Veteran rider Peter Hall will be guiding winners of a different kind as the new jockey coach at Racing and Wagering Western Australia (RWWA).
In announcing the appointment, Racing Careers and Training Manager Ron Fleming said Mr Hall’s skills showed in his career stats of more than 1000 wins for over $22 million prize money, including three Perth Cup victories.
“Peter is known as The Cups King. He has won almost every race in Western Australia several times and ridden all over Australia as well as internationally,” he said.
“Peter has always had good relationships with his fellow jockeys and apprentices. He has the empathy as well as the knowledge and experience to excel as a jockey coach.”
Mr Hall, who first earned his permit to ride in January 1983, said he was delighted to take up the new challenge.
“I’ve had a great career in the saddle and this new opportunity is fantastic because I’ve been helping young kids for a while. It’s the perfect transition,” he said.
“Racing is a big family and, now my daughters have grown up, I’m looking forward to being a dad to about 30 kids instead of two.”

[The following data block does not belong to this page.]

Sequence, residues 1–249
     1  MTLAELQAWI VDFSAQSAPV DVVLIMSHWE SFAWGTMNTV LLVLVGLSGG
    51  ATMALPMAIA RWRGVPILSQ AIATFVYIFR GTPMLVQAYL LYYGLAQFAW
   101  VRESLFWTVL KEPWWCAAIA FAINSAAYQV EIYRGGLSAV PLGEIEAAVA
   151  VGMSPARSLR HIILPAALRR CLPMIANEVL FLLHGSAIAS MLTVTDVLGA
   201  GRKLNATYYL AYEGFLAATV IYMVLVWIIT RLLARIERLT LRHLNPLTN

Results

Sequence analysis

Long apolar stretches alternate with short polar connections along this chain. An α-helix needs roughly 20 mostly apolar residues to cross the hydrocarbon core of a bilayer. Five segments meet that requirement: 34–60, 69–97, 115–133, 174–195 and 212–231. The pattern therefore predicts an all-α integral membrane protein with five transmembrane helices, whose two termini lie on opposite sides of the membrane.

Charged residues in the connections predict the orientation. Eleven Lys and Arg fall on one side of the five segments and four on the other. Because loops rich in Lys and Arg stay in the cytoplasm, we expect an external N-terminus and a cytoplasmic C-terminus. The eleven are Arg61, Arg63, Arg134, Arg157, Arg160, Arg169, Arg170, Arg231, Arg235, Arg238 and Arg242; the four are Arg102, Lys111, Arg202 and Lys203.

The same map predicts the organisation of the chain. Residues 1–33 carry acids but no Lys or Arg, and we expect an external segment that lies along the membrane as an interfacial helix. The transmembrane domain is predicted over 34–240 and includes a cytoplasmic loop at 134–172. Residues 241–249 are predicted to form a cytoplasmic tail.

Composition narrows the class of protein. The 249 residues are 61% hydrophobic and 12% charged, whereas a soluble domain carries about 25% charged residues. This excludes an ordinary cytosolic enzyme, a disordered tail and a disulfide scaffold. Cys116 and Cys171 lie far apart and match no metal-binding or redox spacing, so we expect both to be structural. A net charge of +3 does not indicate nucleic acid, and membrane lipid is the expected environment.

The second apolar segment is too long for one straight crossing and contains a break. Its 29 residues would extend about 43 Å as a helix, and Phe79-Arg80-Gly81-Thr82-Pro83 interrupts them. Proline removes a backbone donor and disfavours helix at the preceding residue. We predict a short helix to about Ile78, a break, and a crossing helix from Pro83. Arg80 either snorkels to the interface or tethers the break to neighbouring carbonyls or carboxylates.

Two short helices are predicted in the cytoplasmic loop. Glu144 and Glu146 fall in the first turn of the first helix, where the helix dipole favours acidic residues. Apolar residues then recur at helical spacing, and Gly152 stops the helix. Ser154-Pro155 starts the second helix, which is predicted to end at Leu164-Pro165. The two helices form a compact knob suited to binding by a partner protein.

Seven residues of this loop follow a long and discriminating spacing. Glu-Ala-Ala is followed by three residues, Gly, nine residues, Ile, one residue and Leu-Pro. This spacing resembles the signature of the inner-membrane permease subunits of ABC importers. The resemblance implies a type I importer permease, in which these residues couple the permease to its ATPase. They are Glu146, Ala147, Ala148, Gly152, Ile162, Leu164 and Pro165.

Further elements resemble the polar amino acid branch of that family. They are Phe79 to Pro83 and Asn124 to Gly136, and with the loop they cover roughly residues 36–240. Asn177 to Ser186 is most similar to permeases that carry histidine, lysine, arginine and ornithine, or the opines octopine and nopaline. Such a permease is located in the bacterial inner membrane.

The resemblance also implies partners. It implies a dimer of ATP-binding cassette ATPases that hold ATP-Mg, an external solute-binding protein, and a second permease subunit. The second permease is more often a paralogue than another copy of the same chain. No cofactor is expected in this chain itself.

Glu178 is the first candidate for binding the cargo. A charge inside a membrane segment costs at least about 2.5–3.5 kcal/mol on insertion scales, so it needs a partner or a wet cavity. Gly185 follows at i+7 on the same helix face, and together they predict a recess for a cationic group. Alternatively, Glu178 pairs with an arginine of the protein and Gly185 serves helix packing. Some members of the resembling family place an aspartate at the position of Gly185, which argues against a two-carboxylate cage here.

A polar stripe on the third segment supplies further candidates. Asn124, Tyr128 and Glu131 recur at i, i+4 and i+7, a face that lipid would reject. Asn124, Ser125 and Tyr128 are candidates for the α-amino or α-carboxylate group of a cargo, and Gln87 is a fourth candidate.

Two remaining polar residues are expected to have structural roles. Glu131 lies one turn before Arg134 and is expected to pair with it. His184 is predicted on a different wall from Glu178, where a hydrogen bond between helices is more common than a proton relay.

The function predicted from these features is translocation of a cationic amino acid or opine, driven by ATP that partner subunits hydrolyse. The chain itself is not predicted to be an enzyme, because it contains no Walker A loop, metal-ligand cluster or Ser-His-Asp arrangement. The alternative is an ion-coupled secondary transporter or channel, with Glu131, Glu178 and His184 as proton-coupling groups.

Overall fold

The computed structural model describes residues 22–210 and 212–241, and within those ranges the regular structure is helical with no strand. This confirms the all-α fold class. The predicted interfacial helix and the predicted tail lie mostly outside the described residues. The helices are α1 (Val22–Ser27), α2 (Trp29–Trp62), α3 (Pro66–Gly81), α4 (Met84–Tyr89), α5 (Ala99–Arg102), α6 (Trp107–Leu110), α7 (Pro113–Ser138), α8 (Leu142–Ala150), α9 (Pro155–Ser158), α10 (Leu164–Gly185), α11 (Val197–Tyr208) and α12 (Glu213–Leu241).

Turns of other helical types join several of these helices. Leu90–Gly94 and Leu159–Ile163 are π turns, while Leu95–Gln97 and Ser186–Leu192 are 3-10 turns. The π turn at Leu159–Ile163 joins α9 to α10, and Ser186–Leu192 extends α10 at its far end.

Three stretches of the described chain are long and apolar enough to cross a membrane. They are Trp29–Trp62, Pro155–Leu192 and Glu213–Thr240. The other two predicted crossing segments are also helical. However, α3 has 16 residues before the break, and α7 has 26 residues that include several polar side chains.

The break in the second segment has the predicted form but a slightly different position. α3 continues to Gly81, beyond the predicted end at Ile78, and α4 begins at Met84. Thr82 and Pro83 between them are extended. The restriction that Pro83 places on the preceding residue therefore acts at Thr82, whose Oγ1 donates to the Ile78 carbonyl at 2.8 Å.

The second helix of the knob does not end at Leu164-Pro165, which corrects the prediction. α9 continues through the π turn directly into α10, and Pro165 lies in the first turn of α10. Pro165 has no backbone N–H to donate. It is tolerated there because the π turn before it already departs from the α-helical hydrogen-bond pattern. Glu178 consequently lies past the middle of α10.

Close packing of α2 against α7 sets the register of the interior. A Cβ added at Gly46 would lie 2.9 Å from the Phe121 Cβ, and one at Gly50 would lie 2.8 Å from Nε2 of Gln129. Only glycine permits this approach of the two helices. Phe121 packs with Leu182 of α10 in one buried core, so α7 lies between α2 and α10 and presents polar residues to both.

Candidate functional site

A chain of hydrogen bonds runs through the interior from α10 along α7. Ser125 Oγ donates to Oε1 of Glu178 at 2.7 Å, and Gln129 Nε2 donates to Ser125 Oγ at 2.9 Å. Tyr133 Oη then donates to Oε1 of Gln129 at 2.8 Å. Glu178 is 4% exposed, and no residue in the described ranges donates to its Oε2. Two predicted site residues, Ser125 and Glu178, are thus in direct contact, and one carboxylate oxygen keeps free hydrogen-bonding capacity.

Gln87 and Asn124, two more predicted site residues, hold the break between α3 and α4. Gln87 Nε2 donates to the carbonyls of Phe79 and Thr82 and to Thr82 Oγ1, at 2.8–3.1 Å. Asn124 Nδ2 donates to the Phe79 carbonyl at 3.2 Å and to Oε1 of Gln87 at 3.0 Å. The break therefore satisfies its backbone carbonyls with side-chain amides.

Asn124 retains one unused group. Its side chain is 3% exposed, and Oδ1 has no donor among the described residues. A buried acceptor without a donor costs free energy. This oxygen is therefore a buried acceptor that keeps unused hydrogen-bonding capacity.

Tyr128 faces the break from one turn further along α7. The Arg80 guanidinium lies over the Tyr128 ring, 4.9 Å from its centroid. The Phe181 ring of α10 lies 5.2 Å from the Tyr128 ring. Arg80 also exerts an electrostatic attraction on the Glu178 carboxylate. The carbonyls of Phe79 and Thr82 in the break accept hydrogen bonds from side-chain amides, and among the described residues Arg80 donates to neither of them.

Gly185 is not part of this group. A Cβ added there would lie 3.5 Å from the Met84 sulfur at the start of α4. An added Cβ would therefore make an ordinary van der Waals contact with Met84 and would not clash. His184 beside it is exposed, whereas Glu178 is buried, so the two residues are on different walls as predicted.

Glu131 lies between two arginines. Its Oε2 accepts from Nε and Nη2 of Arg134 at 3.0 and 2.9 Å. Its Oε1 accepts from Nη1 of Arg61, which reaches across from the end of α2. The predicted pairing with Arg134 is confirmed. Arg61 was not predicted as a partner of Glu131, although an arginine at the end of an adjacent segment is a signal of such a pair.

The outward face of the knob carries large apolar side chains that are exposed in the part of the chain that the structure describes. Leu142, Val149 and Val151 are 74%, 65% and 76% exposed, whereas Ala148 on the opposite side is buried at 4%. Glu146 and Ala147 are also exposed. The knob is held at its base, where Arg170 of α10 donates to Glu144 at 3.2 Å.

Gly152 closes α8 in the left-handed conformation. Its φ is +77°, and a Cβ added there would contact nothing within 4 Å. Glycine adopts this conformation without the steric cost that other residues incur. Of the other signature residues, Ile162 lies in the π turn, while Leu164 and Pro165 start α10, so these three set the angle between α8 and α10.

Among the highlights of his successful career, Mr Hall said he had three clear favourites.
“The first was winning the Perth Cup on my dad Alan Hall’s horse Black Tom in 2006, followed by the fairytale experience of riding Black Tom in the Melbourne Cup,” he said.
“Second was Delicacy, the little mare I won two Group 1 races with: The South Australian Derby and Australasian Oaks. We also went on to win the Perth Cup.
“Third was last year with Ihtsahymn. I won two Darwin Cups with him, two years in a row.”
Mr Hall shares the experience of being a Melbourne Cup rider with his predecessor in the RWWA jockey coach role Jeremy Hustwitt, who rode Beaux Art in 1996.
Mr Hustwitt, who has been mentoring trainees and apprentices since 2004, is retiring shortly. Mr Hall will finalise his jockey commitments and pick up the role in September, working alongside fellow RWWA coach John Claite.
“We wish Jeremy well and thank him for many years of service in helping young jockeys develop their careers,” Mr Fleming said.